** probably young, white, able-bodied cis-gendered, heterosexual men, for that matter.
miss_s_b: Mindy St Clare from The Good Place, hiding her nakedness behind very large sunflowers and looking shocked (Fangirling: Being Human - Annie)
There was a headline in the Express (which my boss insists on getting for the pub despite my protests) yesterday. It read "Nearly half of rioters were on benefits". A couple of customers were reading it and tutting about bloody scroungers. I pointed out that it could otherwise be worded as "over half of rioters too rich to claim tax credits, and childless" and they looked confused until I explained that everyone with a child can claim child benefit...

A small deed, but none the less I think it did some good.
miss_s_b: (Politics: Democracy)
The last week has seen an absolute frothing media frenzy on the tuition fees issue. WILL THE LIB DEMS SPLIT?!!!1 OMG THEY SPLIT!!!eleventy! IS THIS THE END OF THE LIB DEMS????!!!!

Got news for you, bozos. We're Liberals. We accept the idea that reasonable people can (and in some cases should) disagree with each other. The process of debate is one that we actively enjoy in this party; and forged in the fires of Conference, our MPs are bloody well practised at enjoying a good debate.

That being said, the vote has happened, the votes fell as they fell, and now it's time to move on to the next issue. We're not going to have internecine strife between "wings" of the party over this; partly because the "wings" of the party don't fall in the way you think they do anyway. On some issues I'm a total Orange Booker; on others I'm a rabid lefty. But on everything I'm a Liberal, that's my core principle right there, and that means accepting the fact that you can't agree with everyone all the time, but it's still better to agree to disagree on some things, and work together on the things you CAN agree on, than just stand shouting pointlessly at each other.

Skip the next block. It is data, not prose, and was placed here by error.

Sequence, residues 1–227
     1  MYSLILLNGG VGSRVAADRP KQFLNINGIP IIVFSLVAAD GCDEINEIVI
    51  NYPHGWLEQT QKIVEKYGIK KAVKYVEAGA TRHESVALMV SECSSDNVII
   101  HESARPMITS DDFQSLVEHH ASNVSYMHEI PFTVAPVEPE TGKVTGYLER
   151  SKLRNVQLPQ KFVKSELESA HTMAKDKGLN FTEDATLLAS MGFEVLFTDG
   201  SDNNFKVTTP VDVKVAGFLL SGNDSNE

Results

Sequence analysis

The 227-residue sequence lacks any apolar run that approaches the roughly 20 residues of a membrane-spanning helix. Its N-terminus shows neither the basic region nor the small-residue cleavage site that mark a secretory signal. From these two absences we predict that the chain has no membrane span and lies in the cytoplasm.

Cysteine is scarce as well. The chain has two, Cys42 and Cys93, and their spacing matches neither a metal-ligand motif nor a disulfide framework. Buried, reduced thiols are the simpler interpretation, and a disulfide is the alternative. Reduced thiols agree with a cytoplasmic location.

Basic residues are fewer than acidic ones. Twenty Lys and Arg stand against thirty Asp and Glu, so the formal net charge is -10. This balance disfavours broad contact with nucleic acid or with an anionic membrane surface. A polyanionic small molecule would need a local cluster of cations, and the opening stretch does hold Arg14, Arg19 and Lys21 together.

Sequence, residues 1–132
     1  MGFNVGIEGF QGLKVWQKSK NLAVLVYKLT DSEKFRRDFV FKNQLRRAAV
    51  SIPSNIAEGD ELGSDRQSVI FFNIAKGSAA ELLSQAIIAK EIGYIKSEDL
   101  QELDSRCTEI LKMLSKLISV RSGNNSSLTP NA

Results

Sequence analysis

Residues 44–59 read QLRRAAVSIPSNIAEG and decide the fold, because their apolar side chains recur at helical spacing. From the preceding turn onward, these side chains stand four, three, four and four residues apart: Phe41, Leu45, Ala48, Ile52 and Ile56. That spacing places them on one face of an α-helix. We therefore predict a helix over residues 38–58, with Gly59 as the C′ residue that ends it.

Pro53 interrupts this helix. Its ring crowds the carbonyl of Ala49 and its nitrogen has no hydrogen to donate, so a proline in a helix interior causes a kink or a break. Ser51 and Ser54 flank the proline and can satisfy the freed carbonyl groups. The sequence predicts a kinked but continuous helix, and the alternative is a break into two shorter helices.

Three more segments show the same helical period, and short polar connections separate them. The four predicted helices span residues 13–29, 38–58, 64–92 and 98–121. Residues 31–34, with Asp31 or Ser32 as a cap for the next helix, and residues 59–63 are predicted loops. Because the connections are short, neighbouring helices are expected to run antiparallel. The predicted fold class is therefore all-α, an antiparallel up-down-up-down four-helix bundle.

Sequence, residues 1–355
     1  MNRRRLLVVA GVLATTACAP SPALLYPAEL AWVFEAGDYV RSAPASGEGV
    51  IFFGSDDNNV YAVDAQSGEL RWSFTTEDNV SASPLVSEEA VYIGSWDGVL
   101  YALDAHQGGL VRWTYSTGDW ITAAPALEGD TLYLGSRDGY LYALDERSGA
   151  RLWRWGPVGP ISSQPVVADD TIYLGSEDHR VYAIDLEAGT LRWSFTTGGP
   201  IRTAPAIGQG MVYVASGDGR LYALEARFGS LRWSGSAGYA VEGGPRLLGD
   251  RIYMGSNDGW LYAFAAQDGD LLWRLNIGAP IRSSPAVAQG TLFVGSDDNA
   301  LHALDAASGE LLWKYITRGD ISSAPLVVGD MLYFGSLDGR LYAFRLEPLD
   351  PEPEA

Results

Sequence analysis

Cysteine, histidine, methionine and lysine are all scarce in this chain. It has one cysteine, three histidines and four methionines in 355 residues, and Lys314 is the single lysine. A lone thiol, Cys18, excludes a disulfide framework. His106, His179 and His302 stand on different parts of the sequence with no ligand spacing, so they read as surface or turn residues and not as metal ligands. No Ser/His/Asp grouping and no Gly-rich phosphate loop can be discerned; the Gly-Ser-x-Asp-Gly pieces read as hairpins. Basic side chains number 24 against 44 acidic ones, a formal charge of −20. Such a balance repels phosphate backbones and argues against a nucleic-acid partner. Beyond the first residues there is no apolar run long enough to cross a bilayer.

All this bollocks about party discipline might apply to other (in my view lesser) parties who are full of authoritarian arseholes who can't tolerate discord; we breathe tolerance, we eat argument, and occasionally we shit discord. Get used to it.

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A picture of me with my mum's dog Pippin

Hello! I'm Jennie (known to many as SB, due to my handle, or The Yorksher Gob because of my old blog's name). This blog is my public face; click here for a list of all the other places you can find me on t'interwebs.